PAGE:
Death in Custody QLD – no charges

another sad example of queensland justice, especially when qld. cops are involved.

surely the two police officers involved are culpable for the death of andrew bornen. if they did in fact need to handcuff and restrain him and laying him on the roadway then they are absolutely responsible for what happened to him.

it’s called ‘duty of care!’

even the coroner proved gutless in this case by sending the circumstances to the dpp. what a waste of time. remember that the same dpp office found that hurley had no case to answer in the death of mulrunji doomadgee in november, 2004.

just another whitewash.

i don’t care if andrew is black, white or dappled, no cops must be allowed to get away with killing those that they have a duty of care for.

for the dpp,courts, police commissioner and/or minister and governments to continue to accept such whitewashes and abuses of human and civil rights is nothing less than criminal.

like andrew’s mother, we deserve much better.


No charges over handcuffed teen’s death
Jessica Marszalek
December 23, 2010 – 5:24PM


The mother of a Queensland boy run over and killed when police
handcuffed him and forced him to lie on a road is disgusted no charges
will be laid.

Andrew John Bornen, 16, was lying handcuffed and face-down on a busy
suburban roadway in the Ipswich suburb of Brassall when he was struck
and killed by a car on February 7, 2009.

His heart, aorta and pulmonary trunk were ruptured and he died before an
ambulance arrived six minutes later.
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Officers had forced the Ipswich teen down after reports a youth was
armed with a machete in the area.

However, Andrew was only carrying a baseball bat when he was confronted
by police and an inquest found he had not been acting aggressively.

Andrew’s mother Helen Donaldson said the Department of Public
Prosecutions (DPP) had told her on Thursday that no charges would be
laid over her son’s death.

She said the bad news, delivered just before Christmas, had put her
“over the cliff”.

“I was a bit disgusted myself,” Ms Donaldson told AAP.

“I was very upset, very emotional.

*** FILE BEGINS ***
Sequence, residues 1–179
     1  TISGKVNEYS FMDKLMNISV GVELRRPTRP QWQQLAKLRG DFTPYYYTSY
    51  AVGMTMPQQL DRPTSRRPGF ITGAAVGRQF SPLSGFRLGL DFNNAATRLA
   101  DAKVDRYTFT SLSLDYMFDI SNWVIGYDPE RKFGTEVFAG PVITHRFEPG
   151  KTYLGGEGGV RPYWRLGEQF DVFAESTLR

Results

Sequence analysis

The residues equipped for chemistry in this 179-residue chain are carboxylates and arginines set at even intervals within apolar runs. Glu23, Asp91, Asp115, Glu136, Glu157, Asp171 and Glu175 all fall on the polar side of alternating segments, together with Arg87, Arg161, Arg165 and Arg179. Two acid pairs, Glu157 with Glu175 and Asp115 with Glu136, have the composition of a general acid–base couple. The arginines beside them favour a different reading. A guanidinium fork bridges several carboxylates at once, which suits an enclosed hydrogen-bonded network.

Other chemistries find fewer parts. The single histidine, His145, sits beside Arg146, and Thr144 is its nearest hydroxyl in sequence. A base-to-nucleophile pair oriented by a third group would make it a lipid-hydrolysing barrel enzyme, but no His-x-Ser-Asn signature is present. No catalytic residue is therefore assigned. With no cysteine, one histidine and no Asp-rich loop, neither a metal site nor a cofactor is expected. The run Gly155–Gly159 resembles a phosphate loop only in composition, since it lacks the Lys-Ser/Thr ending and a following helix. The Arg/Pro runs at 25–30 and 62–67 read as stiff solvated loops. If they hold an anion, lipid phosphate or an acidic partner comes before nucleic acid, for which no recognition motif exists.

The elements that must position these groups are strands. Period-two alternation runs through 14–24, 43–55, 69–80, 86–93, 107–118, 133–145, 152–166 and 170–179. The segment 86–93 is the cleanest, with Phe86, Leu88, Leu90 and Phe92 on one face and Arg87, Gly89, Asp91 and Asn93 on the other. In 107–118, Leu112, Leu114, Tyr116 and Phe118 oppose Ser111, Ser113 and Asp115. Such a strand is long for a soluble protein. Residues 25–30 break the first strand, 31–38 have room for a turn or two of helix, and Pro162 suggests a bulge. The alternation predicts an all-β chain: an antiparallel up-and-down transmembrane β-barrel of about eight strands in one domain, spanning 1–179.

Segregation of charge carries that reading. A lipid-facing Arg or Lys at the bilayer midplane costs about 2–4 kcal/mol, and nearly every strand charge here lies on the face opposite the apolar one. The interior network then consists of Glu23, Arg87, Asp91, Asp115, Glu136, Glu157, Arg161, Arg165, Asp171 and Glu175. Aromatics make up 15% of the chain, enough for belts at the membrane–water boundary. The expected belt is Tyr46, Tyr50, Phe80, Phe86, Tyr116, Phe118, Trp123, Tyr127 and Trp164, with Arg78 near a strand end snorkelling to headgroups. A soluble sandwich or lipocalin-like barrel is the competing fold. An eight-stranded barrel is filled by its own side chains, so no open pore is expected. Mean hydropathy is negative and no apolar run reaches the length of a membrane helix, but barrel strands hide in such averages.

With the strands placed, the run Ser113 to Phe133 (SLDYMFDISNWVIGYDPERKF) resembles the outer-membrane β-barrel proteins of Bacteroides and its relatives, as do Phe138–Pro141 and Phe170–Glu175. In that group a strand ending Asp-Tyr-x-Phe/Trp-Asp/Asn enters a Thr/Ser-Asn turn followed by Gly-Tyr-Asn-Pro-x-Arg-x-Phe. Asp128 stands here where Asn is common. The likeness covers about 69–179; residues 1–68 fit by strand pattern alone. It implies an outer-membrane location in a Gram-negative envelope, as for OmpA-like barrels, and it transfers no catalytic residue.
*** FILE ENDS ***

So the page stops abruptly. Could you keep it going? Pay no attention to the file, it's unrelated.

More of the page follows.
“I’m down anyway, but for them to actually ring me two days before
Christmas, that is what tops the cake.

“… If they would have rang me and said ‘look they’ve been charged with
manslaughter’ then I’d be over the moon, I’d be having an excellent

She said the news could have waited.

Ms Donaldson said she took comfort that the inquest had found her son
was simply at the wrong place at the wrong time and had not deserved
such treatment.

But she said she doubted police had learned anything from the tragedy.

“I at least thought they should have been charged with something,” she said.

The director of public prosecutions, Tony Moynihan SC, said he had
carefully considered evidence that would be admissible in any trial.

“There is no suggestion that the police officers were acting unlawfully
or not in the execution of their duty in arresting Andrew Bornen who was
intoxicated and armed in public,” Mr Moynihan said in a statement.

“Given the momentary opportunity the police officers had to assess and
act in this situation, the efforts made to alert the driver of the
vehicle and the contribution of the driver of the vehicle which ran over
and killed Mr Bornen, there is no reasonable prospect of a conviction.”

The coroner’s inquest found the female driver bore no responsibility for
the death and that the actions of the two police officers at the centre
of the incident should be referred to the Director of Public
Prosecutions to consider whether charges should be laid.

State Coroner Michael Barnes told the inquest in July he could not
accept the evidence of then senior constable Anthony Brett and Senior
Constable Robert Ward that Andrew, who was drunk, acted aggressively
towards them, warranting him being handcuffed on the street.

He said the officers had made a “terrible error of judgment” in leaving
the Ipswich teenager lying there.

Police had stopped their unmarked patrol car on busy Albion Street with
the headlights on, obscuring the view of the approaching car that struck

Mr Barnes also criticised the officers for not activating emergency
lights to warn the approaching driver.

© 2010 AAP

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